The US agribusiness group released its financial data yesterday for the quarter ended December 31, 2022 and the full year.
“ADM delivered another very strong quarter to complete an outstanding year, and the strategic work we have done throughout 2022 has positioned us well for 2023 and beyond,” said CEO, Juan Luciano, as the Chicago-based firm posted record annual profit of $4.34bn, a 60% increase on 2021, despite the challenges of the war in Ukraine and logistics issues.
A 46% hike in operating profit in its ag services and oilseeds division in the quarter contributed. Those earnings also offset the lower earnings from ethanol operations and its nutrition segment.
Crushing results were more than double those of the prior-year period. In North America, strong export volumes for soybean meal and growing domestic demand for renewable diesel contributed to strong margins, said the company. In EMEA, oil demand powered strong rapeseed margins, more than offsetting higher energy costs compared to the prior year.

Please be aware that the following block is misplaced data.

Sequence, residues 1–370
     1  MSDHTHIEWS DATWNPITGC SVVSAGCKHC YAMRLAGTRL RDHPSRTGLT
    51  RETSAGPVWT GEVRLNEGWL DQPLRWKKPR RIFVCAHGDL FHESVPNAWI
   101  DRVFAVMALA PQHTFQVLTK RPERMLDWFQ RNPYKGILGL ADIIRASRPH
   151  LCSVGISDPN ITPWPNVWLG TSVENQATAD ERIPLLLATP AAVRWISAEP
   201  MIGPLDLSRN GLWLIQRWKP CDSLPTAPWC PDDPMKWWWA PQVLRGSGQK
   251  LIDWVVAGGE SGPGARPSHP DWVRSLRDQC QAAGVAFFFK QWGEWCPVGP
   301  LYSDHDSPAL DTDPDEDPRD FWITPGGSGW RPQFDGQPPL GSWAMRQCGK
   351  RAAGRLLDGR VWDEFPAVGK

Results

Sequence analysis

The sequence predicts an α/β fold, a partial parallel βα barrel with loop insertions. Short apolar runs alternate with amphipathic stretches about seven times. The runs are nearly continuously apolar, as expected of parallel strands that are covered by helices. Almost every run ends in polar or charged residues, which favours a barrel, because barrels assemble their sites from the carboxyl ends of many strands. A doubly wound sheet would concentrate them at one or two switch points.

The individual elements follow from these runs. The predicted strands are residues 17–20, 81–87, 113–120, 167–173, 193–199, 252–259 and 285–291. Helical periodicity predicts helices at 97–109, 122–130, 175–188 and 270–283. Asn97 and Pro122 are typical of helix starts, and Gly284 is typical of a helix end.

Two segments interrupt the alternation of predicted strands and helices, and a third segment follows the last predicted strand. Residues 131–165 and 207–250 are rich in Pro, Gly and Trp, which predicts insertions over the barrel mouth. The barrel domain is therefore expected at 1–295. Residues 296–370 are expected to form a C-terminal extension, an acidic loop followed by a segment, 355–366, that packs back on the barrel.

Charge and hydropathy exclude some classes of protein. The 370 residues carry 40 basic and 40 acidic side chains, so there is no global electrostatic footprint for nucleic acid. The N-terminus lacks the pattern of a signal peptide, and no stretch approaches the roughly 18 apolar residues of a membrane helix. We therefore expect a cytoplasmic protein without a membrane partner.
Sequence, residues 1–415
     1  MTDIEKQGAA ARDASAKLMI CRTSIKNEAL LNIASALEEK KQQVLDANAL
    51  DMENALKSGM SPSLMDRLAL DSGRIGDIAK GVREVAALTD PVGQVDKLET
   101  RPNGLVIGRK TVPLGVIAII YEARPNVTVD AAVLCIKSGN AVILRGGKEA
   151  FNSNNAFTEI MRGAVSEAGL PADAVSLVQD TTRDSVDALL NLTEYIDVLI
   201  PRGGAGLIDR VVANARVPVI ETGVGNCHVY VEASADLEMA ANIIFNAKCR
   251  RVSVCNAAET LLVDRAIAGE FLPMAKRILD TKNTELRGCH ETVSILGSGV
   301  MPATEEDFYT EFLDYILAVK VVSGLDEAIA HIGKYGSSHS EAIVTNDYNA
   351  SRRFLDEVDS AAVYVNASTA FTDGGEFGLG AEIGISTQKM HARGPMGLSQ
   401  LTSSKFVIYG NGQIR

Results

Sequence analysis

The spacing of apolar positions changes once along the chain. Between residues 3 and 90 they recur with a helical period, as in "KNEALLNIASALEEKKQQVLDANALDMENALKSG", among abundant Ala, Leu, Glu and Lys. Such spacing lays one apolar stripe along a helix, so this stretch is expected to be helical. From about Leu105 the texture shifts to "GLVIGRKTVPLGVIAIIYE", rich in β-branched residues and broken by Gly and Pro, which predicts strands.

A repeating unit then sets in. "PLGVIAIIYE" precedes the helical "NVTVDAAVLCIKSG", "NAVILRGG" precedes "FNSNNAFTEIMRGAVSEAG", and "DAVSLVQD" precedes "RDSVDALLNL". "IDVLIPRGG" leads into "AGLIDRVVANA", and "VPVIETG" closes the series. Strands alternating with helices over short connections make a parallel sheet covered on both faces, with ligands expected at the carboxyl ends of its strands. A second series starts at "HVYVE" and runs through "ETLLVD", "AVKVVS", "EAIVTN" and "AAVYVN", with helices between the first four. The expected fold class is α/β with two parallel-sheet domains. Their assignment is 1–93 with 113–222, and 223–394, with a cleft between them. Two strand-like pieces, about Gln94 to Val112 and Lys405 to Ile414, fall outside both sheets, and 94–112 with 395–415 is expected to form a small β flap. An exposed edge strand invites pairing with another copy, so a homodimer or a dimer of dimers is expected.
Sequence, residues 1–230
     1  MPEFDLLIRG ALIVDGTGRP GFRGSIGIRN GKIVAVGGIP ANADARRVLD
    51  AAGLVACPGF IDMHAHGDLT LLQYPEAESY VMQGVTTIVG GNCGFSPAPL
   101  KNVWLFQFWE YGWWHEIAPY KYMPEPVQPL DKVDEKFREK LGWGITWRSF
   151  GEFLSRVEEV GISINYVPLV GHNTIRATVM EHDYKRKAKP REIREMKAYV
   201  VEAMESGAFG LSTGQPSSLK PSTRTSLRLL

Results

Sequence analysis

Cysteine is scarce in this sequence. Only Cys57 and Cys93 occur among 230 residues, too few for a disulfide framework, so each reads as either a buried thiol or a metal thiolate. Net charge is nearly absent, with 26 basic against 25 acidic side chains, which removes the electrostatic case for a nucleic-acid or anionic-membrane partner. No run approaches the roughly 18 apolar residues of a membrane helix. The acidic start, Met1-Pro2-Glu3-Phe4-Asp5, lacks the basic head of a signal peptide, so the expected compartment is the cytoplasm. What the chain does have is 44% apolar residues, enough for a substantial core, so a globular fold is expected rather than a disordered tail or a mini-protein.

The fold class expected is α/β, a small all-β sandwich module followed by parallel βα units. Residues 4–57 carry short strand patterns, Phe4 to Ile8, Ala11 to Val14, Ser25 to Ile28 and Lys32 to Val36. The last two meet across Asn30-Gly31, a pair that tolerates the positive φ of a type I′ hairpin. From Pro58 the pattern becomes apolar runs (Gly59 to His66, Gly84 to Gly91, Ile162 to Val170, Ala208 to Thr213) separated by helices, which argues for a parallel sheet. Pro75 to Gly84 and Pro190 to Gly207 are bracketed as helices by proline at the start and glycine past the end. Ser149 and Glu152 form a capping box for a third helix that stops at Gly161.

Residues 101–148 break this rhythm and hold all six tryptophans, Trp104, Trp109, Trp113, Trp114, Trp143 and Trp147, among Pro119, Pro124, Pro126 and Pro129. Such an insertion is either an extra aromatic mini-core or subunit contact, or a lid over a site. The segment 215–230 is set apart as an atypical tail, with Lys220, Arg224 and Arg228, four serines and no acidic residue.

Late last year ADM flagged that low water levels on the Mississippi River would reduce soy exports from North America. The company confirmed that reduction yesterday, but it said the dip in export volumes from North America was partially offset by the South American team, which “executed well to deliver higher margins and volumes.”
Luciano, on a conference call with analysts, said the organization continues to see a strong margin environment in the ag services and oilseeds business, with strong demand fundamentals ahead. It anticipates good crush margins in Europe and robust demand for meal and soy oil in the US. However, the ethanol sector will be more volatile due to inventory levels, noted the CEO.
Weaker animal nutrition performance
But there were weaknesses in certain areas. The results for the animal nutrition unit were lower in Q4 2022 than the prior year quarter.
Vikram Luthar, chief financial officer, ADM, on the call, said the company “benefited from strong margins in lysine, but in Q4, the compression in margins were sharper and faster than we expected, and that is going to continue over the course of 2023. So, we have to offset that plus drive growth.”
The CEO forecast that profit growth in the nutrition segment overall, taking account of both the human and animal side, will be “10% plus” this year, which would be “slightly below trend line growth.”